Arcturus, Ghost of Summer Sun
A star often mistaken for a planet, scintillating Arcturus at this time of year hovers over
the northwestern horizon at evening dusk, and over the northeastern horizon in the morning dawn.
Arcturus' twin billing, which premiers annually starting in middle October, poses as a faithful harbinger of Halloween.
If you could only see Arcturus at midday on October 29, you'd see the star way above (or due north) of
the Sun, perched where the Sun is at high noon in summer. However, with summer's passing, the Sun has migrated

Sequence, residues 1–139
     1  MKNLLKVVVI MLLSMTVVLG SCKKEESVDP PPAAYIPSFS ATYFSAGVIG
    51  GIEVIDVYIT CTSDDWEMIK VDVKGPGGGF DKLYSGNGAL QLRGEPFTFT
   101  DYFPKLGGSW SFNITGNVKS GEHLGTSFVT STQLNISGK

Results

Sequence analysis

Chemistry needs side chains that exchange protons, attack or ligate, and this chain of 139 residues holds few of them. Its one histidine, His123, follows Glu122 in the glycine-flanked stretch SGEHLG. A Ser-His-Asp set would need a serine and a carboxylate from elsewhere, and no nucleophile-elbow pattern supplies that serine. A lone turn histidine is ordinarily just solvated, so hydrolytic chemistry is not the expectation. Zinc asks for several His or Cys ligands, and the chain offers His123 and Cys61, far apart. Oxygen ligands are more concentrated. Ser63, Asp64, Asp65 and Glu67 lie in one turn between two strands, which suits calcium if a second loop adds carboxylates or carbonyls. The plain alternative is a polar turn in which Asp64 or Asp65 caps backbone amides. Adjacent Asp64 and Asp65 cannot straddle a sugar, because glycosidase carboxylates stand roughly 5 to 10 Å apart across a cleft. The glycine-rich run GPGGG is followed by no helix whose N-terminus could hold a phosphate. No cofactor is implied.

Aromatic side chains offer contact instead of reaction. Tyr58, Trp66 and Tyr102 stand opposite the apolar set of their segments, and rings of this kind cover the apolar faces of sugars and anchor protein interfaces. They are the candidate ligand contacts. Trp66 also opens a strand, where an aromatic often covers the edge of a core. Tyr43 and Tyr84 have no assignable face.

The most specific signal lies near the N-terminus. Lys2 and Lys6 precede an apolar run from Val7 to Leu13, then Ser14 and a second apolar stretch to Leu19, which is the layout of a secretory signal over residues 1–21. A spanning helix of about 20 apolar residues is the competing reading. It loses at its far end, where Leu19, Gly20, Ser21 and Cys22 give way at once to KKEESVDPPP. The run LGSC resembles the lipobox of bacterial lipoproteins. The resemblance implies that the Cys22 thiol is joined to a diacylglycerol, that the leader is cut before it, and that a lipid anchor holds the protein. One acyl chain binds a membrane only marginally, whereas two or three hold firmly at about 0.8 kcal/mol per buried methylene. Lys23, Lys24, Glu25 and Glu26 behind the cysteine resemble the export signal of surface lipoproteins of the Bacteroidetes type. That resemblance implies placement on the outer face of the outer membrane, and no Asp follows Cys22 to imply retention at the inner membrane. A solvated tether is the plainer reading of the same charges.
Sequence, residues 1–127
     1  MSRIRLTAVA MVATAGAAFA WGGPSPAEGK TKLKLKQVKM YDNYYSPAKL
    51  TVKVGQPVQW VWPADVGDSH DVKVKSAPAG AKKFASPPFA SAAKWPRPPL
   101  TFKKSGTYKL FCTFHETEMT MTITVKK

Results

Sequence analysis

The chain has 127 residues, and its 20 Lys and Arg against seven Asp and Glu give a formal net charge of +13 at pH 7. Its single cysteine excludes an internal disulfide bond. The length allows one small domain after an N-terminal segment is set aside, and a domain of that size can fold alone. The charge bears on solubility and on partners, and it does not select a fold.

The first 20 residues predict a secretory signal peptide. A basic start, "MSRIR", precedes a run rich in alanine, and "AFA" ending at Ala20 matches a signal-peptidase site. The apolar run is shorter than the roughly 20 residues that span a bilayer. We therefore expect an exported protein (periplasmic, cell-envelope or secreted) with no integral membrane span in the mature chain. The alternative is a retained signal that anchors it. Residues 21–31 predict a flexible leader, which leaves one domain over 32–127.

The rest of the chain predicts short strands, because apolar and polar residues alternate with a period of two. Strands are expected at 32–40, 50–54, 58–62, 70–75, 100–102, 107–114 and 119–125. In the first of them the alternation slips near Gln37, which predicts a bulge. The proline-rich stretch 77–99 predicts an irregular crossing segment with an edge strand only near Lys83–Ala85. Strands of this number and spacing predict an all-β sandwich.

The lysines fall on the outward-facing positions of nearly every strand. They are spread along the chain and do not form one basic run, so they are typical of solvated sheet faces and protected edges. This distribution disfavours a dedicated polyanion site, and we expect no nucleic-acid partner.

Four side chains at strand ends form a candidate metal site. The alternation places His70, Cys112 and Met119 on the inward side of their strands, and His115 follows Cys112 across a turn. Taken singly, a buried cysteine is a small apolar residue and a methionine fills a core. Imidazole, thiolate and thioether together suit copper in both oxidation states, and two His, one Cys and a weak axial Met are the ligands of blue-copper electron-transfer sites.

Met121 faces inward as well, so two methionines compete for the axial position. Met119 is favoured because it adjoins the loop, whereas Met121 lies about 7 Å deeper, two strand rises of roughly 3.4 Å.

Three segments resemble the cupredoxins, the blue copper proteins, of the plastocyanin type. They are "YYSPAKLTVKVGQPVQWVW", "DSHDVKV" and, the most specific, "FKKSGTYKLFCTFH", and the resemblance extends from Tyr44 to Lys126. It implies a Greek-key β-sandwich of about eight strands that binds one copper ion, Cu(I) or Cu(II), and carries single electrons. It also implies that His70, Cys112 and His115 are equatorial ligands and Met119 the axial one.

south with the geese; and the Sun, as a consequence, spends less time above the horizon, giving us the shorter
days and longer nights of autumn.
Conversely, the further north the Sun (or star) resides, the more time the orb spends above the horizon, as is
beautifully displayed by Arcturus' shining presence. By watching this yellow-orange jack-o'-lantern of a star through the autumn chill,
you can envision the absent summer Sun radiating extra hours of warm sunshine. Not till after dark does Arcturus finally set, an echo of long summer
afternoons; similarly, Arcturus rises before dawn's first light, a phantom reminder of early morning daybreaks.
Certainly, Arcturus' Halloween masquerade of the summer Sun counts as both a trick and a treat!